How to prepare your garden for winter this year
As the weather cools and the days get shorter, you’d be forgiven for thinking there’s little you can do but briefly neglect your garden until spring comes around.
That is not the case, however, as the budding Titchmarsh-es among you know very well.
Now is the perfect opportunity to prepare your garden for the coming winter months.
Unless the upcoming winter is an unusually mild one, your grass will likely not need mowing very often, because its growth slows considerably. For that reason, it’s best to raise the cut to winter height.
The year’s regular cuts will most likely cease around November time, but that isn’t an excuse to have a scruffy looking lawn. A light cut at any particular time is recommended to keep your garden looking clean and presentable, however, it’s best not to mow when it’s frosty as this can damage your grass. So keep an eye on the height of your grass, check the forecast and be ready to get out your lawn mower at some point over the winter.
We also recommend fertilising your lawn around this time, as this will help to restore its health and encourage growth.
Soil improvement and weeding
On areas that receive a fair amount of wear, such as paths and play areas, soil can become compacted which can cause drainage issues. It’s suggested that you make deep holes with a garden fork across the area, which can help with both drainage and aeration.
Winter is actually a great time to allow your soil to recuperate its nutrients, and there are a few things you can do to help it.
You may think that adding compost to the soil will have its nutrients washed away when it rains, however, the rain will in fact just wash the nutrients straight into the soil. Now is the best time to add compost in case the spring turns out to be particularly mild, which has become a trend of late.
Compost also helps to protect plants from hard frost. We recommend adding a layer of compost followed by a layer of mulch. This can even offer something for wildlife to nibble on.
In terms of pesky weeds, any time spent de-weeding now will mean less time de-weeding in the spring. We aren’t adverse to weed killer, but do some of your own research so that you aren’t harming any other plants.
Plants and borders
It used to be that, during the winter months, gardens were left stripped back and empty. Yet it’s become increasingly common for people to put in the effort to keep their garden looking full and colourful during this time. The plants and flowers that can transform your dreary outdoors include heather, cyclamen, pansies, and snowdrops.
Some of your more delicate perennials will need to be removed and placed indoors so they aren’t killed by the cold. The more hardy ones will just need trimming back to ground level, but you may want to collect any seeds the plants have produced first. We would suggest leaving some seed heads in place however, to provide some border decoration.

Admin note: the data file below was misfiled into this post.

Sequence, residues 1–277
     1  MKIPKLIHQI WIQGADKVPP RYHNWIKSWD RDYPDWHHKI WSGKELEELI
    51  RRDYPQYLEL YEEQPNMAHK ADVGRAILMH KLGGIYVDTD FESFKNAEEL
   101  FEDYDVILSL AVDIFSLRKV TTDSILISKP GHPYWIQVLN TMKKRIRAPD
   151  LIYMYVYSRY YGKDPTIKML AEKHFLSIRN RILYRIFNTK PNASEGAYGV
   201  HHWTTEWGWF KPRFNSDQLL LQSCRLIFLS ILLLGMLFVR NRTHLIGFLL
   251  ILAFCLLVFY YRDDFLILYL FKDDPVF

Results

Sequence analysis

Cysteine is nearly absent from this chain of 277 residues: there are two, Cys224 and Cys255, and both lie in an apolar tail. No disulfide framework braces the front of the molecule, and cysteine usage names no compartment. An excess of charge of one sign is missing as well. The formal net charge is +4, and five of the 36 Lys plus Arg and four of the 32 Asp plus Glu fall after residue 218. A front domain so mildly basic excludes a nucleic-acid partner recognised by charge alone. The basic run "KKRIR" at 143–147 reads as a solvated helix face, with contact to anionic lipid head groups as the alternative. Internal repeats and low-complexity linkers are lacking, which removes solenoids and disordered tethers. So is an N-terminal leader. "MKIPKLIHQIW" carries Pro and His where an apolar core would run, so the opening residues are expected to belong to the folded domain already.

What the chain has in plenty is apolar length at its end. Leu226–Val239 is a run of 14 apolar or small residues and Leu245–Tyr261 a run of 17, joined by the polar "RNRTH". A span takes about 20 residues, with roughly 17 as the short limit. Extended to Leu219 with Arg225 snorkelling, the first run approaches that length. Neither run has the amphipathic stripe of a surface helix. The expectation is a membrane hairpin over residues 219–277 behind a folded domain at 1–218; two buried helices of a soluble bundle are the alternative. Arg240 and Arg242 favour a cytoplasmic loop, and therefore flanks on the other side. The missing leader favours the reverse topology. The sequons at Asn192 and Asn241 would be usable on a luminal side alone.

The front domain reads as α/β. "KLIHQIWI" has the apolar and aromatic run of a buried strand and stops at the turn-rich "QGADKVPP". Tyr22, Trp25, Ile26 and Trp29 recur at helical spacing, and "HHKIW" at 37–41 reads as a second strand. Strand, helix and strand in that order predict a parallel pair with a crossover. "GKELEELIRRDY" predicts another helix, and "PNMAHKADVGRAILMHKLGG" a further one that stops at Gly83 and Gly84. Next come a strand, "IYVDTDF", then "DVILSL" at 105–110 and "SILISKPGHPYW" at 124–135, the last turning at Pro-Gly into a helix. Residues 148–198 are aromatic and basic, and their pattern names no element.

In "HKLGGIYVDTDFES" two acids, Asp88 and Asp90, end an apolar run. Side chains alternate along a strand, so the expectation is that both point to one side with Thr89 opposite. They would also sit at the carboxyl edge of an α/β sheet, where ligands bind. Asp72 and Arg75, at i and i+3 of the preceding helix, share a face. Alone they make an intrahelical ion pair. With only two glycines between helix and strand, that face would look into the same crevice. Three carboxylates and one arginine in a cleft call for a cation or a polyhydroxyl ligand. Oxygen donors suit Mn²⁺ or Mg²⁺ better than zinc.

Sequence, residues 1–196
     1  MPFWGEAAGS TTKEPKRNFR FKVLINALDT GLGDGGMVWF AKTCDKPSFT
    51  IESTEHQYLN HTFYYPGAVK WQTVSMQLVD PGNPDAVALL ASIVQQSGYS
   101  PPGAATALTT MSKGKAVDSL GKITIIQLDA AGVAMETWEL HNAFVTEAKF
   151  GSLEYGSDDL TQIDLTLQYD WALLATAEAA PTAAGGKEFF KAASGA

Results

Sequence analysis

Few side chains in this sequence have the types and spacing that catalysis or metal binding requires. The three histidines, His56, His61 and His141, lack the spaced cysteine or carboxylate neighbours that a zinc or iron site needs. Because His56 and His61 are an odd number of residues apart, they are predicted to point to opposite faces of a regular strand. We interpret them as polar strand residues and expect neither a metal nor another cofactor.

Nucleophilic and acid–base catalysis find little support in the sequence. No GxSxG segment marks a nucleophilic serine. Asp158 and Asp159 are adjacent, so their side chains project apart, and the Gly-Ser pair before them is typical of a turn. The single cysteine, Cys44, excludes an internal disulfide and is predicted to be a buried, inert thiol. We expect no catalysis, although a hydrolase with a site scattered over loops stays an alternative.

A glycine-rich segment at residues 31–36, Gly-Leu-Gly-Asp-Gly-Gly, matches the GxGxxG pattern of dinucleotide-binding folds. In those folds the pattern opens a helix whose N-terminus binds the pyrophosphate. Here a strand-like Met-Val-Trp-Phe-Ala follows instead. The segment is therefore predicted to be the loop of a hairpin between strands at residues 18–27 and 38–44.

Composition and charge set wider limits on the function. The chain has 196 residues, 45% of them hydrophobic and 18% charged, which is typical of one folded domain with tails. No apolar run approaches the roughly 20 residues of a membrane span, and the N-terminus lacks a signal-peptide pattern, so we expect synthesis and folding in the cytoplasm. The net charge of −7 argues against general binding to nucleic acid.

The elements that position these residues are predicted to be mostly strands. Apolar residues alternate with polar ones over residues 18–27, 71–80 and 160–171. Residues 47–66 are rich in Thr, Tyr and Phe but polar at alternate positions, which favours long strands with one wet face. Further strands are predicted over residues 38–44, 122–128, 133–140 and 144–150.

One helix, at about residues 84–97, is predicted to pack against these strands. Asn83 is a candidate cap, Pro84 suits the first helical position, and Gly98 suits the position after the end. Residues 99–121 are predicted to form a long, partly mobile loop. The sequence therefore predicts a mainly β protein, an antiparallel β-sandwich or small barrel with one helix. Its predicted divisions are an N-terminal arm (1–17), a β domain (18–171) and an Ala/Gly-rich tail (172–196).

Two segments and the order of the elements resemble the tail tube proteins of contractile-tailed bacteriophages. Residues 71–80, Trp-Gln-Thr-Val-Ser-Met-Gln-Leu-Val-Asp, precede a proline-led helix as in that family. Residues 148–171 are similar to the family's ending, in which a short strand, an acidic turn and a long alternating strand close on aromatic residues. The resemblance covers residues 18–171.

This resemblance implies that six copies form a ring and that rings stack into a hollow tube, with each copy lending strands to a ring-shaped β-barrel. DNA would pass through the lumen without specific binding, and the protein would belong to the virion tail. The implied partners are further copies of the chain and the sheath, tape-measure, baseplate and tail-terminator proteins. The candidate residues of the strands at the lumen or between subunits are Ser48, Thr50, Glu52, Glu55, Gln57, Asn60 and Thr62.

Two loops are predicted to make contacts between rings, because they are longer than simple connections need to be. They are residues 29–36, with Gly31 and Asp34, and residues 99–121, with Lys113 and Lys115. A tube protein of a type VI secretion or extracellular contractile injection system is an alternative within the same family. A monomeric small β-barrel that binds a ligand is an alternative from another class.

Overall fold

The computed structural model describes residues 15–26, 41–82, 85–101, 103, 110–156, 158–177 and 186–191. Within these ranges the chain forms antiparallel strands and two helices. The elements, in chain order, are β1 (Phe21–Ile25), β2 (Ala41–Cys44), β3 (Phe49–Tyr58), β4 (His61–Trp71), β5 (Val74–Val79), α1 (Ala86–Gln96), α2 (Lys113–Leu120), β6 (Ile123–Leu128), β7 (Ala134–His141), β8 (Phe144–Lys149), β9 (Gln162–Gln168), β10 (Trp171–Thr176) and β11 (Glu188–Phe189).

Any annual plants such as poppies should be dug up, as it’s more productive to add them to the compost heap than to try to revive and maintain them in the New Year because they’re normally unable to live through the cold.
One final tip is to make sure you protect any young trees or saplings with winter materials such as fleece, straw or bracken.
If you have a greenhouse, now is a great time to remove any potential shading, as the shorter days will leave any vegetables or plants you may still have pining for that scarce but valuable sunlight. Maximising the light can also be achieved by giving the glass a clean with some hot water and a good scrub.
Now is also a great time to remove leaves that may have blocked up any guttering, and repair or replace any broken glass.
If you’re taking care to prepare and repair the outside of your greenhouse, now would equally be a great opportunity to tackle the inside too. It’s best to remove all plants and sweep away plant debris, disinfecting the paths and staging, as well as the inside of the glass. You will need to then ventilate your greenhouse for a few days to allow it to dry thoroughly.
Before storing your garden equipment away for a while, give it all a good clean, oiling any metal parts to prevent rusting.
This applies to your mower, as well. Clean it both inside and out, and determine whether it will need any maintenance, such as blade sharpening, or if it’s time for an upgrade now is the perfect time to get a great deal on a new mower. Why not search on-line to find a bargain, www.mowers-online.co.uk currently have some amazing deals.